The Wheelchair association chair Chuluundolgor, (with whom I am working, via VSO, on architecture accessibility norms and 'independent living' ), organised a 'Tour of Our City, UB' with the help of one Tsevelmaa. Fourteen wheelchair users visited (by prior arrangement) seven publicly accessible buildings in the city on the tour.
After opening speeches at the 'Open Society Forum' the group, including business leaders, researchers, fitness teachers and computer workers, wheeled through heavy UB traffic on the cold and sunny morning to the bus parking. Volunteers lifted eight at most into each of two rented city buses. The brewery visit, with lab capes, was crowded, and very noisy in the bottle filling hall, but apart from the entry steps, was straightforward.
The next stop, Bayar's Construction, was actually held at 'Diana' school, and despite the founding principles of the funder (to fight exclusion of poor and disabled children) all participants had to climb five entry steps, then over a stage blocking the doorway. The programme, of entertainment from pupils, and the food and drink were great. Interviewed about my impressions as a foreign expert and architect on my departure, however, I had to say the physical barriers were a major problem for the visit.
At the Mongolian Youth Federation, everyone had to go up two flights of stairs, with other building users shoving their way past, to a first-storey meeting room and a comprehensive powerpoint presentation. At the next visit, Mongolia's biggest mobile phone company, there were good ramps, floors and cloakroom, and telephone credits were given out.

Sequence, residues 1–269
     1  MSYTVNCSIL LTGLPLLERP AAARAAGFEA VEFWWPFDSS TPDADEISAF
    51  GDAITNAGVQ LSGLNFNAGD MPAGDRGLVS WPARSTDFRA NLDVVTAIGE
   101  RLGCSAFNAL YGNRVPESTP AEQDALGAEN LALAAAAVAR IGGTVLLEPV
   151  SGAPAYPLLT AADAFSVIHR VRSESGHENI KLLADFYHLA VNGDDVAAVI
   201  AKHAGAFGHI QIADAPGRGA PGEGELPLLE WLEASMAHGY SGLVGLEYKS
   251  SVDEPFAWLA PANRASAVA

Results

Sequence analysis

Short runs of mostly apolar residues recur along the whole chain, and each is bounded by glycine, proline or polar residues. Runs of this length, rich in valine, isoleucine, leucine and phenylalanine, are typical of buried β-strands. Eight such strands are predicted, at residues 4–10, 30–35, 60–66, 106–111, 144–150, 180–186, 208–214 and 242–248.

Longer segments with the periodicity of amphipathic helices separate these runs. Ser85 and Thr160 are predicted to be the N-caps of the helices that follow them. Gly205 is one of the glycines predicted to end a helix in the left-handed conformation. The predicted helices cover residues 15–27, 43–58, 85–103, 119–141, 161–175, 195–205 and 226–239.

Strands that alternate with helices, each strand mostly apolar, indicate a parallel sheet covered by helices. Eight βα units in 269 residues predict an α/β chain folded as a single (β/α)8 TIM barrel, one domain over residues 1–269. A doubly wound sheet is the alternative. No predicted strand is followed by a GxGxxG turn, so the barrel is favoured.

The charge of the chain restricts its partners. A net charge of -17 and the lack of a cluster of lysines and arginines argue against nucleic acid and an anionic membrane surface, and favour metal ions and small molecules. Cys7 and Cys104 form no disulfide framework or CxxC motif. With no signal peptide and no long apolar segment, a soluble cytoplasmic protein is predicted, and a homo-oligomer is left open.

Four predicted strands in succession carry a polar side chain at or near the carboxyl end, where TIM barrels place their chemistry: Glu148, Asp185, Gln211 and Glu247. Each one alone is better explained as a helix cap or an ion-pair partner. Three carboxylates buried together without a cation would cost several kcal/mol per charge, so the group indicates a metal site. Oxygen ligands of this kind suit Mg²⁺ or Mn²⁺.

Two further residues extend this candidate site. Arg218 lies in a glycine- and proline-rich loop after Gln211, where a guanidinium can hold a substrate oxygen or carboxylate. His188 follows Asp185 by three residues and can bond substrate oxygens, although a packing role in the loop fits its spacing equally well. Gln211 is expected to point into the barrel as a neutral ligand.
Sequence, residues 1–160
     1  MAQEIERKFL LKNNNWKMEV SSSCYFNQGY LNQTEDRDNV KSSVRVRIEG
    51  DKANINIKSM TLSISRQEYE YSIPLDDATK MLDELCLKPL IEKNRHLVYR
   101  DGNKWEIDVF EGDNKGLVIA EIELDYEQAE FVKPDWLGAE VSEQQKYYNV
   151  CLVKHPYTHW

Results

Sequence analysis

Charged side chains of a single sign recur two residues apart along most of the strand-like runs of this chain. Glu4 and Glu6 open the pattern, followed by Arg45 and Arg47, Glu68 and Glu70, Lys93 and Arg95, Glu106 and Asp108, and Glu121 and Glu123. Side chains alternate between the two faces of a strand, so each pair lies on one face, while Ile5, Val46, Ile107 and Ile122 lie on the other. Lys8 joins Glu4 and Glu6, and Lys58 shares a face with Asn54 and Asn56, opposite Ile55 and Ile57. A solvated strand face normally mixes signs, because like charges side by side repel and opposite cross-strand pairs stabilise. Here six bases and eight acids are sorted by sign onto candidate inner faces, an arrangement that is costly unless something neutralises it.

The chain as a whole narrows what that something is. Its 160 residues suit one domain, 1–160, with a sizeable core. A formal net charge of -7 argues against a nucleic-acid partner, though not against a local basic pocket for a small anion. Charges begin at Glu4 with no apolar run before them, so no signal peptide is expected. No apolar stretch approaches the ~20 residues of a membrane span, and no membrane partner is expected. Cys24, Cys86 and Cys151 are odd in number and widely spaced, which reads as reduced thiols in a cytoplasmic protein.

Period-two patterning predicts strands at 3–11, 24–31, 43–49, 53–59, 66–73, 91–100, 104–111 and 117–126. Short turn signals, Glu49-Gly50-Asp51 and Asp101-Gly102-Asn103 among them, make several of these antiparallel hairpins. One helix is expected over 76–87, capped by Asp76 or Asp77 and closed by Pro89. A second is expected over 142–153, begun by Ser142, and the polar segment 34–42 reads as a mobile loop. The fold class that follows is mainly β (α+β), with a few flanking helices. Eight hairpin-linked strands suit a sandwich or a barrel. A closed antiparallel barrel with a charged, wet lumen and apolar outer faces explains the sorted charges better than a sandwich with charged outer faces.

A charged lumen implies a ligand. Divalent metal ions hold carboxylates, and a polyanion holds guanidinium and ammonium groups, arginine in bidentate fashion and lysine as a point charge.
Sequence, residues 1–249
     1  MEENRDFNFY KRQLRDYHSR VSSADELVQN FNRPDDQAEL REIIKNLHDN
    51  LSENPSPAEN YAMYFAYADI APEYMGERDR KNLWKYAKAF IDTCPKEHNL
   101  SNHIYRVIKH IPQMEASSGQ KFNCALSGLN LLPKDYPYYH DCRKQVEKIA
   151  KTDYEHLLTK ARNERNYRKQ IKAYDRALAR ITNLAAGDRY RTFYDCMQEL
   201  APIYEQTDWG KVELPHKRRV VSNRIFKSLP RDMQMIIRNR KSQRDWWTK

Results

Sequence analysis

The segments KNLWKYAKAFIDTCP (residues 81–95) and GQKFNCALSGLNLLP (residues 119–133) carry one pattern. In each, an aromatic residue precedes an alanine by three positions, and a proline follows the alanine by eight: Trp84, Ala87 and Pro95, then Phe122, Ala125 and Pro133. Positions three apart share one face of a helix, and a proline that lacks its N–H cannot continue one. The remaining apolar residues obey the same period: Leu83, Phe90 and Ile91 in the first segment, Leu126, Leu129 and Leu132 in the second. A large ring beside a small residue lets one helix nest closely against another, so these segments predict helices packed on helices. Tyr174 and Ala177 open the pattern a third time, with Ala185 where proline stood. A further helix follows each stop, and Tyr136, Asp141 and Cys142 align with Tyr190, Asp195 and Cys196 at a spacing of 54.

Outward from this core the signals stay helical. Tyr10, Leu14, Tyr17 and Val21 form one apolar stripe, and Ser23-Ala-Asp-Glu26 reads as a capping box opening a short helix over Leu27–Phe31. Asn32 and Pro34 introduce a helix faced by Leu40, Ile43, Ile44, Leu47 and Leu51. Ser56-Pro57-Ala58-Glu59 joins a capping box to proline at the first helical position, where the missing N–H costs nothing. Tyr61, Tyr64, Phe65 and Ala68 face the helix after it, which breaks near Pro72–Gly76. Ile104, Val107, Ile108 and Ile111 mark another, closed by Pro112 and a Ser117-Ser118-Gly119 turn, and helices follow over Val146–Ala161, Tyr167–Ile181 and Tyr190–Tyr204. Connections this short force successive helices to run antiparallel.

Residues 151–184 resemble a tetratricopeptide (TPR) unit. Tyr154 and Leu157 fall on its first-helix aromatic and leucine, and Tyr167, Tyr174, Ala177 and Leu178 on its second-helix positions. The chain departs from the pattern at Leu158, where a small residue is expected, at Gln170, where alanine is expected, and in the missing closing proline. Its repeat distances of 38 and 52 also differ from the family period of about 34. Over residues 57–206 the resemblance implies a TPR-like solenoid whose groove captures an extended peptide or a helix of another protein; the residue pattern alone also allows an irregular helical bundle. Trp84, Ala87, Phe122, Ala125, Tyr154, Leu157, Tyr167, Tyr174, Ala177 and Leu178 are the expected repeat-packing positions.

At the city governor's office, temporary wooden ramps had been emplaced on the six stairs in the entry lobby, and down a few more into the public meeting room. As with the building firm, the hosts seemed not to recognise the 2002 building norm (31-101-04) for wheelchair users. Nice books about the City of Ulaanbaatar were presented, but little hope was instilled for improving the state of accessibility of UB streets and buildings. The governor apologised that the officially counted 18,032 disabled people represented a minority in the market economy, while an actvist beside me suggested 35-70,000 would be a more accurate national figure.
Finally, to Tengis Cinema, founded 2002, where I had previously overlooked so many steps. We carried the 14 wheelchair users down from the buses, through the busy parking area, eight steps to the entrance, then two long flights of stairs to ticketing and cinema entrance. I admired everyone's patience as I saw one wheelchair user manhandled to the inaccessible WC. The cinema manager was responsive and friendly, and after a glass of champagne, everyone sat in the front of the cinema and enjoyed a new Mongolian film.